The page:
Is a Hudson Valley company really giving everyone dinner for 2?


A post from a restaurant in the Hudson Valley claims it is offering all customers a free dinner for two. Is it too good to be true?

The post claiming to be from a Texas Roadhouse executive was posted on Sunday evening detailing how customers can get a free meal including drinks. In the post, Gerald Morgan reportedly explained he was making the offer as a “good deed”. The free meal is a reward for the restaurant’s loyal customers in light of the tough times everyone has been through over the past few years.

The post was shared on several Dutchess and Orange County Facebook groups, garnering thousands of comments and shares.

Hello everyone, I’m Gerald L. Morgan. I am very happy to announce that I am the new CEO of Texas Roadhouse. I’d like to start my new job with a good deed for everyone because I know lately has been hard times that’s why I’m going to reward everyone who shares and comments by March 2 with a voucher to get a meal for two with drinks at any Texas Roadhouse (1 per person)

The post also includes a link that customers must click to complete their entry. Within hours, thousands of customers have already responded to the message, explaining what the free meal means to them.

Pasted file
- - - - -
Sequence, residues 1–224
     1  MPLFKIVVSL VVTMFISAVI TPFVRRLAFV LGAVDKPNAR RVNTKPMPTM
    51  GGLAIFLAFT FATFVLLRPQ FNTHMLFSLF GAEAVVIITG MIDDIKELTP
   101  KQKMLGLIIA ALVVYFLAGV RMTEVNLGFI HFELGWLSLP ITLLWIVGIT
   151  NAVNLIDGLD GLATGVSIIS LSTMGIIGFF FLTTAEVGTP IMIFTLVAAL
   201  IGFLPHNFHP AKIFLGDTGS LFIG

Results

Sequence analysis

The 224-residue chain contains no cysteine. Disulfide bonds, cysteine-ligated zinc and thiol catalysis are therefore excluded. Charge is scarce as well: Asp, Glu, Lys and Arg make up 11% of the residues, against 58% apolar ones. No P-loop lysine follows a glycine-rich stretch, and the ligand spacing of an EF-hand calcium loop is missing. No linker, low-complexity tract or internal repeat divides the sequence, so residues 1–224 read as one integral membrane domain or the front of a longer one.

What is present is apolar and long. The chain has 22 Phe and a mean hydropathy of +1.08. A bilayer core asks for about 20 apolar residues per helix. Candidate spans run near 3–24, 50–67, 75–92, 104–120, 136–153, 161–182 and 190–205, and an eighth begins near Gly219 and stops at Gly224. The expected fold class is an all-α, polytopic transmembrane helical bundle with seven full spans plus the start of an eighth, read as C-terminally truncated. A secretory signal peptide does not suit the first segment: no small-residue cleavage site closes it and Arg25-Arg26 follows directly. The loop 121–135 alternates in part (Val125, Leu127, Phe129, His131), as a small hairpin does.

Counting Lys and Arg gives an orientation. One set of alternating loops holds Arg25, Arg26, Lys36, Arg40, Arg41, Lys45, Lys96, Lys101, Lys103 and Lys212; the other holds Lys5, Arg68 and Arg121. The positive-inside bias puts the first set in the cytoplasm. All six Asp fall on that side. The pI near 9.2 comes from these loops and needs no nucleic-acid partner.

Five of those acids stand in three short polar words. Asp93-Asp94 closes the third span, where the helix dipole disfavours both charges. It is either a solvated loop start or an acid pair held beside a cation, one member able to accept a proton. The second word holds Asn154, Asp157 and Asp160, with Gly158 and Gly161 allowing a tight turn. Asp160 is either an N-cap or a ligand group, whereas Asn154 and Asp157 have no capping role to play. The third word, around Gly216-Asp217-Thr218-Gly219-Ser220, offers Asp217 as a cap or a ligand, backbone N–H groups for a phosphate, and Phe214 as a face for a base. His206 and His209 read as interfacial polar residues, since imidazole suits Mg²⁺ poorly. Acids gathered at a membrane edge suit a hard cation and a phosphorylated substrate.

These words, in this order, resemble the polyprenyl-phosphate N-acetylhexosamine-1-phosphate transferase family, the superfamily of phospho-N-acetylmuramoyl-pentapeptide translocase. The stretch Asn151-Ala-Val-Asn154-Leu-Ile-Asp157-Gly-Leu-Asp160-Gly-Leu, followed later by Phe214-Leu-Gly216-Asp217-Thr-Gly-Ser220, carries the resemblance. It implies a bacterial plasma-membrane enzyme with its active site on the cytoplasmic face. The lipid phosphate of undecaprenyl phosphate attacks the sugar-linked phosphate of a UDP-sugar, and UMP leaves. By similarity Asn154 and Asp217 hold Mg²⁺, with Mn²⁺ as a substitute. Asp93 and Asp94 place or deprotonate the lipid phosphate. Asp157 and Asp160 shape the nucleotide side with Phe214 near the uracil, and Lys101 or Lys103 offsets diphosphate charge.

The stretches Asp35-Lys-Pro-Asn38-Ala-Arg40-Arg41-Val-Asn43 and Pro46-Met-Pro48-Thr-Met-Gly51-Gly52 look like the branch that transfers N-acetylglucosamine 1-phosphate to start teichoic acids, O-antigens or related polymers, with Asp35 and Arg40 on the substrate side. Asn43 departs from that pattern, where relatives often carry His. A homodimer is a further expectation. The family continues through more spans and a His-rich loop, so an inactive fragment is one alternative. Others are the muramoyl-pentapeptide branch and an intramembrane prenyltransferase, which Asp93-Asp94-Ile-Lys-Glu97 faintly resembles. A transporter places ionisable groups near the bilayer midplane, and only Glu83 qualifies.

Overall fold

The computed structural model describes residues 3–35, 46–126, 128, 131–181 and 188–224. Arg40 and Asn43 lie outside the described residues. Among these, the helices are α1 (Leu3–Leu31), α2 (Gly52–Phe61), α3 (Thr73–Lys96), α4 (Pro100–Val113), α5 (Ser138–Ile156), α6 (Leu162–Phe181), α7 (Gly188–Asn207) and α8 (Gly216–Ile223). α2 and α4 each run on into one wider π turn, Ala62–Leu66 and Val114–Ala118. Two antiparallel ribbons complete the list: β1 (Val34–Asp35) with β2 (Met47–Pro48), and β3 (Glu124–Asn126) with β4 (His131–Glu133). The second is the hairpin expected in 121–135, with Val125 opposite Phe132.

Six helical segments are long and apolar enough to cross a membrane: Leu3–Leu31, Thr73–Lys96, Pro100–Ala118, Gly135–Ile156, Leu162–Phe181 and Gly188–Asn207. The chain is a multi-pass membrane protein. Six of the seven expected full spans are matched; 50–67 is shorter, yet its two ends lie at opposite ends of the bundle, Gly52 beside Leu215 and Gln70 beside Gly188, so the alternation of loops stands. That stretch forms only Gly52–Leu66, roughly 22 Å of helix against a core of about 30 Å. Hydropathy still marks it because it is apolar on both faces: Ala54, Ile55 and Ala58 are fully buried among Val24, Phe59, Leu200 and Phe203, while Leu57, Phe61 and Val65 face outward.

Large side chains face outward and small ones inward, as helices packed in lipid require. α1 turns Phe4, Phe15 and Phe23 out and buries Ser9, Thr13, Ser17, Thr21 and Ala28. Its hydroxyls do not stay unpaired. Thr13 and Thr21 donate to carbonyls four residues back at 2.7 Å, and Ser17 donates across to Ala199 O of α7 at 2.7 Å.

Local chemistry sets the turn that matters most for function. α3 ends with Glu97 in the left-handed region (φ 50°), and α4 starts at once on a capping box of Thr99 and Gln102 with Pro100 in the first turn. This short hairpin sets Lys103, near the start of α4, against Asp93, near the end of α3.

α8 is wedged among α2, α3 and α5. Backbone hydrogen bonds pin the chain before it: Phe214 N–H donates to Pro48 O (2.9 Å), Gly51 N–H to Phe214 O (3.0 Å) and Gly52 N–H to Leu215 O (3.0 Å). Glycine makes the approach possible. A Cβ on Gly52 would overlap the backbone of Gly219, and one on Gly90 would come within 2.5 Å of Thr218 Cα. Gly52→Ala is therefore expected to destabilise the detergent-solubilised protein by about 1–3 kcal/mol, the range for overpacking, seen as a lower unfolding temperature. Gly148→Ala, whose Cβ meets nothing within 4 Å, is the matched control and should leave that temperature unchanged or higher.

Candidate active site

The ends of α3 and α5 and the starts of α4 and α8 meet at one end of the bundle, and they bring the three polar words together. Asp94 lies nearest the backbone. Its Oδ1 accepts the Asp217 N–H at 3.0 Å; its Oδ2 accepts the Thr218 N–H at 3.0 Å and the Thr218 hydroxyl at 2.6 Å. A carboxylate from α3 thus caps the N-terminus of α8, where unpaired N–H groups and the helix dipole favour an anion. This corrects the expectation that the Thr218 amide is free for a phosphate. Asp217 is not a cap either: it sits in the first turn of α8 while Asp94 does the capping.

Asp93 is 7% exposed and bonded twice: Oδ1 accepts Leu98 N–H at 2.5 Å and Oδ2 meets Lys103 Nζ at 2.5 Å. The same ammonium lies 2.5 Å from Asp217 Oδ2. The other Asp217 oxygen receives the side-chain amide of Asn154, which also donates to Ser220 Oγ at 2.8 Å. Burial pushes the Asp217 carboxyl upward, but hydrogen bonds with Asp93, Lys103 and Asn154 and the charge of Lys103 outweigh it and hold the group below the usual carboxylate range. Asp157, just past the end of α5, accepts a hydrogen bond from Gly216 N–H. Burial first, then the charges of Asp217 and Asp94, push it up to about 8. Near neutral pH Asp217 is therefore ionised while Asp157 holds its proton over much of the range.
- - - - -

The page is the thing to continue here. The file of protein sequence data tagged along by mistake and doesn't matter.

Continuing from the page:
Unfortunately, these people have all been scammed.

The post is not from the actual Texas Roadhouse restaurant. Instead, it was generated from a fake account whose sole mission is to harvest your personal information. Unfortunately, even after the scam was reported by countless Facebook users, people continue to click on the link and share their personal information in hopes of getting a free dinner.

It’s the same endless cycle of misinformation and denial that has caused people to distrust a life-saving vaccine and continue to believe debunked political messages. Even when presented with clear facts that this is not the real Texas Roadhouse Facebook page, people continue to put their personal information at risk because they desperately want it to be true or are all just too stubborn to admit they’ve been duped.

The only difference here is that the worst thing that can happen is a stolen identity and being embarrassed when you show up to claim your free dinner for two. More serious Facebook scams have left vulnerable people unvaccinated and dead, or unknowingly promoting very un-American ideals in the name of “freedom.”

Although the message has just been created, the scam is not new. Texas Roadhouse has been fighting this scheme since the fall. In a post pinned to its verified Facebook page, the restaurant explains that this is completely untrue.

While we can’t fix every terrible problem Facebook has spread across the country, people who get burned by this scam will hopefully think twice before believing the many other big lies that the social network continues to perpetuate.

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